July 18, 2012
Time to Trim the Terrace Garden
Along the side of my house overlooking the farm, I had a rather large stone terrace constructed with formal hedged gardens. These gardens were planted several years ago and they are filling in very nicely. For one part of the terrace, I chose to edge the gardens with contrasting evergreen shrubs – teucrium, boxwood, and golden barberry. To provide interest, these shrubs are sheared to different heights, creating a step effect. I was rather surprised lately with how overgrown these gardens had become, but that’s what happens with the prolonged high temperatures we’ve been experiencing. Having formal gardens, like these, requires extra maintenance, but I think it’s well worth the effort.
1 The side of my house that overlooks the farm has an amazing stone terrace with formal hedged gardens.
2 The square gardens are hedged with contrasting shrubs - teucrium on the outside, followed by boxwood, and golden barberry on the inside. I love the way these three plants look together.
3 However, this is what the gardens looked like just a couple of days ago. The excessive heat caused a rapid, out of control growth spurt.
4 This variety of teucrium has purple spike flowers which are a great pollen source for bees.
5 I wanted to wait until the flowers were somewhat faded, allowing a good stretch of time for the bees to gather all of that pollen, before trimming things back.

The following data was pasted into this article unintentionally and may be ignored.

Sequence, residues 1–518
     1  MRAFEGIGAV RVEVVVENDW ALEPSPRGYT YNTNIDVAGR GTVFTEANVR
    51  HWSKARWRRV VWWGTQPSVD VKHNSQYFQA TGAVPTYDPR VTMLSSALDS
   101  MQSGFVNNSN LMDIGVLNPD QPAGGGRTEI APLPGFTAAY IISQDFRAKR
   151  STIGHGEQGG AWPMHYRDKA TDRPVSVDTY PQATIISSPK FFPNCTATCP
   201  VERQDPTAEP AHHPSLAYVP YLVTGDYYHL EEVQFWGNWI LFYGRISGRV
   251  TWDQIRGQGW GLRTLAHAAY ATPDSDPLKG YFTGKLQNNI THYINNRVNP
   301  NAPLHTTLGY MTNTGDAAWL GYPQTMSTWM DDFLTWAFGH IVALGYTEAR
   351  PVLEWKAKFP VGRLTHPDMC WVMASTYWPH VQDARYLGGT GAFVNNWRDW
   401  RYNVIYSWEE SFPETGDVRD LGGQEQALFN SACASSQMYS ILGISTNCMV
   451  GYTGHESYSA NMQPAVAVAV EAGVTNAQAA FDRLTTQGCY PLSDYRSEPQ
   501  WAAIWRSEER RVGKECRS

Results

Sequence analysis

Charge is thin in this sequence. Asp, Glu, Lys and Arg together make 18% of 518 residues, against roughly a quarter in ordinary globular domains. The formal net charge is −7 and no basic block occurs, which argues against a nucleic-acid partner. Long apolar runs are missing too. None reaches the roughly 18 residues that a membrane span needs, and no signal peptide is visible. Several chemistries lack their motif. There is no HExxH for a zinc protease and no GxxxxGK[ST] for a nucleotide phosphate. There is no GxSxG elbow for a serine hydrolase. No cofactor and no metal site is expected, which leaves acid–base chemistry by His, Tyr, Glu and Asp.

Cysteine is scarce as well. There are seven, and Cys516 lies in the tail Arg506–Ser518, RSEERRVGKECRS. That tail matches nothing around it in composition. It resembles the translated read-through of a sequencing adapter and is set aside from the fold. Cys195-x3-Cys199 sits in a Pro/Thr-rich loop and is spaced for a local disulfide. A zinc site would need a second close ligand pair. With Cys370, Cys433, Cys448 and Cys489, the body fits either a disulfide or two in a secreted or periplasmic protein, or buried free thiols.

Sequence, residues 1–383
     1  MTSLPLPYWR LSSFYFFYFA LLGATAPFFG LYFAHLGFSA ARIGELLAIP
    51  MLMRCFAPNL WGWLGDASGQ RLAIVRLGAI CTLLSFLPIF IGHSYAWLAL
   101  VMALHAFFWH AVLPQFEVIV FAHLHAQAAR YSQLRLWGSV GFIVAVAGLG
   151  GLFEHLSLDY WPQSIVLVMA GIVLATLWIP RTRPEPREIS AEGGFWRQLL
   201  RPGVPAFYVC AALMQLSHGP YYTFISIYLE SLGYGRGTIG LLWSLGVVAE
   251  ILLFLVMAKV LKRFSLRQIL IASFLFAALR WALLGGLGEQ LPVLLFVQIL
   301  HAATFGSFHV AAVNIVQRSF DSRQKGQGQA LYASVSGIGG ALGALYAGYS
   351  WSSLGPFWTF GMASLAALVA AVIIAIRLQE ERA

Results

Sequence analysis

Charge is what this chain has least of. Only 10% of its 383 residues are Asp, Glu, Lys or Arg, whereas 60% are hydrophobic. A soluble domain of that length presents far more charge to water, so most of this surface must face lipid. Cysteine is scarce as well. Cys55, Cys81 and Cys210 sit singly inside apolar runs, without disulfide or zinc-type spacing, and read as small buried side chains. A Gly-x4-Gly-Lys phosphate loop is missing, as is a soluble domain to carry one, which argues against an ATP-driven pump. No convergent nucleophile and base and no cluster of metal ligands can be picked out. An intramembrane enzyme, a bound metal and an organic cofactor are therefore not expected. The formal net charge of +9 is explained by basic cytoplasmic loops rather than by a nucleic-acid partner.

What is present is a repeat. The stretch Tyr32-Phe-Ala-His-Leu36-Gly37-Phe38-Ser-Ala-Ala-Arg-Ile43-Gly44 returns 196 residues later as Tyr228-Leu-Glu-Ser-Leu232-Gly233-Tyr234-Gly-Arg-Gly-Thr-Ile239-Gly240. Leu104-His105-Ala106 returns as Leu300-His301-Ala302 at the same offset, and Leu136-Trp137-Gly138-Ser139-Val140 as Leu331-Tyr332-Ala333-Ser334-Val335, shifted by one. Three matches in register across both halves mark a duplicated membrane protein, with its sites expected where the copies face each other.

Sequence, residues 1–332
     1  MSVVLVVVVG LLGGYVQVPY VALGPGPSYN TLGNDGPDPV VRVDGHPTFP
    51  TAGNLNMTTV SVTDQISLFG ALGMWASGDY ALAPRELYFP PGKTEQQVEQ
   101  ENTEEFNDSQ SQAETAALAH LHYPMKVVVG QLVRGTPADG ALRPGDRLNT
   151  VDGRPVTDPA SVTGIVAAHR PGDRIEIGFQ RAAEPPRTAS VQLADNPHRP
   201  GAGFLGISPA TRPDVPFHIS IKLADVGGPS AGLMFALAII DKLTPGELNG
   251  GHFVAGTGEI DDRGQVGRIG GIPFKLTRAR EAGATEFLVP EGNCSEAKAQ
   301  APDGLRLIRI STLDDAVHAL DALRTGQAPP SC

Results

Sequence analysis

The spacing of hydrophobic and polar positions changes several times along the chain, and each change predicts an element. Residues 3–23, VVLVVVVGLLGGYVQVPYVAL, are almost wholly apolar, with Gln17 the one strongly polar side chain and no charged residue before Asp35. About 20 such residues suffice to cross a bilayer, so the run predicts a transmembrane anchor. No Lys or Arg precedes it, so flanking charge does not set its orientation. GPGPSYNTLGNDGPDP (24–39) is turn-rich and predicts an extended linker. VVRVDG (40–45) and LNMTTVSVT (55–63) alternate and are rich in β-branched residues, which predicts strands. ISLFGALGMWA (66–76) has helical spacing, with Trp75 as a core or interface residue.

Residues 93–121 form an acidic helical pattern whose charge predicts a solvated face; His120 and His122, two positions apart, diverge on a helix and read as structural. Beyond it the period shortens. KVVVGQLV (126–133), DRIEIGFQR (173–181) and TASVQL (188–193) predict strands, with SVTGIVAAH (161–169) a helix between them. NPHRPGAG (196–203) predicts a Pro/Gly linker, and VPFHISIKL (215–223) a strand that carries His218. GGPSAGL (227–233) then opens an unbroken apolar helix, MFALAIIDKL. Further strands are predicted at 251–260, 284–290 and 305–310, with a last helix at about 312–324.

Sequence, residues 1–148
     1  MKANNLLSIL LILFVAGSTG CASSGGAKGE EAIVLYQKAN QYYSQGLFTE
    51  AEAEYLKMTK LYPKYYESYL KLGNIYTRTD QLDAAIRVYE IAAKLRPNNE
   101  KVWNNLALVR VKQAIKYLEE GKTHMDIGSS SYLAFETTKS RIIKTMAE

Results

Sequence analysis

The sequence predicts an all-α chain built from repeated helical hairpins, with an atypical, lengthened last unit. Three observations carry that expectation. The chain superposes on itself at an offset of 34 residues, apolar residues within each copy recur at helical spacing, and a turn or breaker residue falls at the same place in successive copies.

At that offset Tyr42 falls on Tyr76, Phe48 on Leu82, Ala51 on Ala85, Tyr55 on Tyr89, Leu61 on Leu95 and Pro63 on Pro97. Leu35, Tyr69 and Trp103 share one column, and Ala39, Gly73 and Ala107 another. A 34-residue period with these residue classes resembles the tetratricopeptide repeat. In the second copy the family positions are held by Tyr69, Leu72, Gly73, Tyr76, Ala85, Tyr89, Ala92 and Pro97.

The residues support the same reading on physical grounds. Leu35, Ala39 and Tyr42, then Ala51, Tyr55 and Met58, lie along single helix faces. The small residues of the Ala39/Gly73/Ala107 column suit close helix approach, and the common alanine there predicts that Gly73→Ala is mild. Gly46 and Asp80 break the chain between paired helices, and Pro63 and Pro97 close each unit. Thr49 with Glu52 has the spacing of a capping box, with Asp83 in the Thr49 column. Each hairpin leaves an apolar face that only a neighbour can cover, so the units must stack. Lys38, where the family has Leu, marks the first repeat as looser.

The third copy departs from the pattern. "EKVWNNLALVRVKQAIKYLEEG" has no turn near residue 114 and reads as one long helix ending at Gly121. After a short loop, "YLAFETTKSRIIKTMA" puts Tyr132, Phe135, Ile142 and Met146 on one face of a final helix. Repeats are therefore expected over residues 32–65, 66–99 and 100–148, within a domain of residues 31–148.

6 Ryan started the pruning process by trimming back all of the spent allium flowers from this border.
7 These are Gladiator allium, which were spectacular earlier in the summer. Each huge flower head was a globe-like cluster of hundreds of tiny, lilac purple flowers. When the purple fades, the seed heads turn whitish before drying to brown.
8 I look forward to seeing these perennial allium emerge again next spring. Allium flowers, like these, look great in dried arrangements.
9 I love how dramatic allium look in the garden and I told Ryan to keep this cluster until they, too, turn brown.
10 This tall plant is a Formosa lily, one of several that were planted in the spring. Native to Taiwan, this lily bears 8 or more 10-inch-long, beautifully scented pristine white trumpets from late August through early October. I can't wait!
11 I have some rue growing in these gardens, as well. Rue is a strongly scented evergreen herb that is very bitter-tasting. The oil in its leaves can cause skin blistering and Ryan is very cautious when trimming it back not to get any on his skin.
12 Ryan then began shearing the long shoots of the golden barberry.
13 Meanwhile, Wilmer set up stakes and string to make a guide for even trimming of the teucrium.
14 The string in place
15 Ryan trimmed off the tops.
16 And Wilmer tackled the sides.
17 The teucrium neatly trimmed - The lower part of the stone terrace is outside the kitchen and I have plenty of culinary herbs planted in these gardens.
18 A triangle of variegated sage and thyme
19 Tender chives
20 Fuzzy green sage
21 Two more varieties of thyme
22 Gorgeous spiky rosemary
23 And a triangle of oregano
24 The lower terrace gardens all nicely trimmed
25 And the upper gardens all nicely trimmed.
26 Vivaldi found a place in the shade.
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